And it’s dripping on people’s desks in this facility with 7,000 employees. I go down the hall of to the CEO and say, “John, we’ve got a serious problem here. Your guys aren’t being straight with me. There’s a potential that we could have a real serious health issue with our employees. We need to shut that facility down.” Now it’s Thursday afternoon at 4 o’clock. John calls the head of the division into his office. He and I and John and the maintenance guy sit down, and I said to them, “You’ve got to call the Connecticut Department of Environmental Protection. You’ve got to tell everybody not to come to work tomorrow. You’ve got to put a gate up at the entrance and send everybody home. And by the way, we’ll talk about the fact that you guys lied to me another time.”

The CEO turns to the division head and says, “That’s what you got to do.” And so that’s what happened. We sent everybody home the next day. Luckily, the environmental protection guys came over the weekend and found that it was indeed a harmless stuff that was growing in the pipes and it wasn’t a risk to the health of the employees there. We reopened the building on Monday, but the thing about that lesson is that, if you don’t have the CEOs support in the job that we do, you’re in a lot of trouble. And if you do have the CEOs support, then that’s the magic sauce that makes this a job that can actually be done.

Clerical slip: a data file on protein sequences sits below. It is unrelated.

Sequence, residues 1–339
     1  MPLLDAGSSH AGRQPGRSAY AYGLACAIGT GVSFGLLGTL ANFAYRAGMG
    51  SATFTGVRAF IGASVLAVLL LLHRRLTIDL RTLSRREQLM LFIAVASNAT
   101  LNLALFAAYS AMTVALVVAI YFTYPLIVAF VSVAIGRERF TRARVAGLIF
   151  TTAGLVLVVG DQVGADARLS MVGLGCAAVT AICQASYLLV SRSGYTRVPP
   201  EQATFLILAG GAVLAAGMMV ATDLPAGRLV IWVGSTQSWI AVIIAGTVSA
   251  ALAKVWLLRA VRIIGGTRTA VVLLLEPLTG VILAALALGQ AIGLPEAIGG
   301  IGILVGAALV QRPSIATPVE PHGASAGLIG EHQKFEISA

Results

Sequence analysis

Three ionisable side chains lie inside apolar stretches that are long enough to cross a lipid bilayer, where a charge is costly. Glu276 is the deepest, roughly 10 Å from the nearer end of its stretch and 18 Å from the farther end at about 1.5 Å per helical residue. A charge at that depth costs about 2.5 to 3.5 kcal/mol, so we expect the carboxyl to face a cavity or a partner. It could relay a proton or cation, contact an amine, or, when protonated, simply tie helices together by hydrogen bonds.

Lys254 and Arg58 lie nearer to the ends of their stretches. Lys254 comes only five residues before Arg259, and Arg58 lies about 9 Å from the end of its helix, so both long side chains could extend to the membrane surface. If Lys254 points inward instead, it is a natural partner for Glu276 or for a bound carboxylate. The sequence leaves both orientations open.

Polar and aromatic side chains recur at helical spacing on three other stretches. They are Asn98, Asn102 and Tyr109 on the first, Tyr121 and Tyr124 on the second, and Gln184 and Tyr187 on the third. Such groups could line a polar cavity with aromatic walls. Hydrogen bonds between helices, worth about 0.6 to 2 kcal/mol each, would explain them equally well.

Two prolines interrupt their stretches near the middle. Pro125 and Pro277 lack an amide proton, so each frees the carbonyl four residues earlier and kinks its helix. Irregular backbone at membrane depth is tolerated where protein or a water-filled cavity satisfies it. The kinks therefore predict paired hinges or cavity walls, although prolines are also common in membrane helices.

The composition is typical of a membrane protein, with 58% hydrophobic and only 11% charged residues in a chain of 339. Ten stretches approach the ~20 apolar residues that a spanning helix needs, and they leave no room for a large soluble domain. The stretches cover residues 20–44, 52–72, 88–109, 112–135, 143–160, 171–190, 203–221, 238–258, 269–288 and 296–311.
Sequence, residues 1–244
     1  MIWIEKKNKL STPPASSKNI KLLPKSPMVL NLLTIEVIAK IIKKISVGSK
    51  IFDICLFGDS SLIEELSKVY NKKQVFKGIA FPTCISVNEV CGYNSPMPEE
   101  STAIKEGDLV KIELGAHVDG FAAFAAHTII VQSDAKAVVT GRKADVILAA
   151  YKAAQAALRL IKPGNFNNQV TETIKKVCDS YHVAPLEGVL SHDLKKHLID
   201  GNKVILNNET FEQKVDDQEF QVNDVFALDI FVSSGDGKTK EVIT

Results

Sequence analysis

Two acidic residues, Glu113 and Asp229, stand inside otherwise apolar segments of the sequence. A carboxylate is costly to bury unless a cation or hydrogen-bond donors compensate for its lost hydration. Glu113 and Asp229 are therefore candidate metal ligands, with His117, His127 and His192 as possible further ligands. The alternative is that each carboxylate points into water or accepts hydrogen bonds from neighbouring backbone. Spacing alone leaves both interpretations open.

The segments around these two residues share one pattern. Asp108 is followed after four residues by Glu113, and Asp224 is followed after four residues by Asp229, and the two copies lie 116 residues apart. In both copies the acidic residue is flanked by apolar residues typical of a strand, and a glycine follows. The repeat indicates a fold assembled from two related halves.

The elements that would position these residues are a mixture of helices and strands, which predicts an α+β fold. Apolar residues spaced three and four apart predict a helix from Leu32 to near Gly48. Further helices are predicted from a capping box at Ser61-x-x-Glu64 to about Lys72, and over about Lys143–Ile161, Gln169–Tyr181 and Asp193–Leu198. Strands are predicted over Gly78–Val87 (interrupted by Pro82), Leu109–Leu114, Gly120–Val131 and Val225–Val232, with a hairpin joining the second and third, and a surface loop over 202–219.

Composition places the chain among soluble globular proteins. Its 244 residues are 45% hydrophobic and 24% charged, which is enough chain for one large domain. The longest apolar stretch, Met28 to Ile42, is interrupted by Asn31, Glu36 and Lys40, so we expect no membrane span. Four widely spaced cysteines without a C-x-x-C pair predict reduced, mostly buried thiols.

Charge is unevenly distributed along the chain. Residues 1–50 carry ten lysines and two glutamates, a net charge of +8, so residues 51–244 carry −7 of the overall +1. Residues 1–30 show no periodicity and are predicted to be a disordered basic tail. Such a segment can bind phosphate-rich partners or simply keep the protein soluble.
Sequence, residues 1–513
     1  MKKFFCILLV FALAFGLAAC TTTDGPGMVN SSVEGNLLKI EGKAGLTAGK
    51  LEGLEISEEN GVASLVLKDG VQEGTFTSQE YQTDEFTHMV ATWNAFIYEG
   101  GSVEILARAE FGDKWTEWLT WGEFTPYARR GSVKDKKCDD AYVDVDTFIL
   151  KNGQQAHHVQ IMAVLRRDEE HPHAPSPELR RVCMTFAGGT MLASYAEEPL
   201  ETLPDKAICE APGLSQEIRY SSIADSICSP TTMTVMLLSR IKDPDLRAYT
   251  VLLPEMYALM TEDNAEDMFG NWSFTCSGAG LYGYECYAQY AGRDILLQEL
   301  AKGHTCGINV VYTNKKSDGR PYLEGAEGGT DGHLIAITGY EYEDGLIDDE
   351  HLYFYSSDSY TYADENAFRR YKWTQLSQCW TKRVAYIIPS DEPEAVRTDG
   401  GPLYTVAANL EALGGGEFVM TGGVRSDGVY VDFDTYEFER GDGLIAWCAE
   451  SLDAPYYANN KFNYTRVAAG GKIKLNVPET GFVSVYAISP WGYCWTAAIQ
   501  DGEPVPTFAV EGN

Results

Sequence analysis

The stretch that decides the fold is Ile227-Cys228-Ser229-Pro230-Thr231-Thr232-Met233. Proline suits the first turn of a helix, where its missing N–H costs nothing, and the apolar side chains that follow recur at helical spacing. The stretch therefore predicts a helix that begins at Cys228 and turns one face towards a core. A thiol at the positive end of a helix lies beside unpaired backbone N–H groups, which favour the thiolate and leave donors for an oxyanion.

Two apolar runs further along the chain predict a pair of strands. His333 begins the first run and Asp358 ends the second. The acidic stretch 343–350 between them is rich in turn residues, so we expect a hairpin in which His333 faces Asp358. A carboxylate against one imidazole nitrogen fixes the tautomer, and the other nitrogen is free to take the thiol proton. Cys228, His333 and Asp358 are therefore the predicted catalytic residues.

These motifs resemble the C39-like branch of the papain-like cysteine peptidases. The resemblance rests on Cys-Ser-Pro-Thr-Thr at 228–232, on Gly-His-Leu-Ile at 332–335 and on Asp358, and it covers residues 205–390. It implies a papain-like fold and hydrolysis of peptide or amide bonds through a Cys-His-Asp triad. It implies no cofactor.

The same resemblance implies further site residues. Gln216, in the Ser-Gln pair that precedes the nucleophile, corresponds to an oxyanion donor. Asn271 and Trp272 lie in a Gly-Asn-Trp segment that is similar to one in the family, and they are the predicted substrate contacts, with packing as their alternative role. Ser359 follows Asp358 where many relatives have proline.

Beyond having the CEOs support, what other lessons did you learn from that?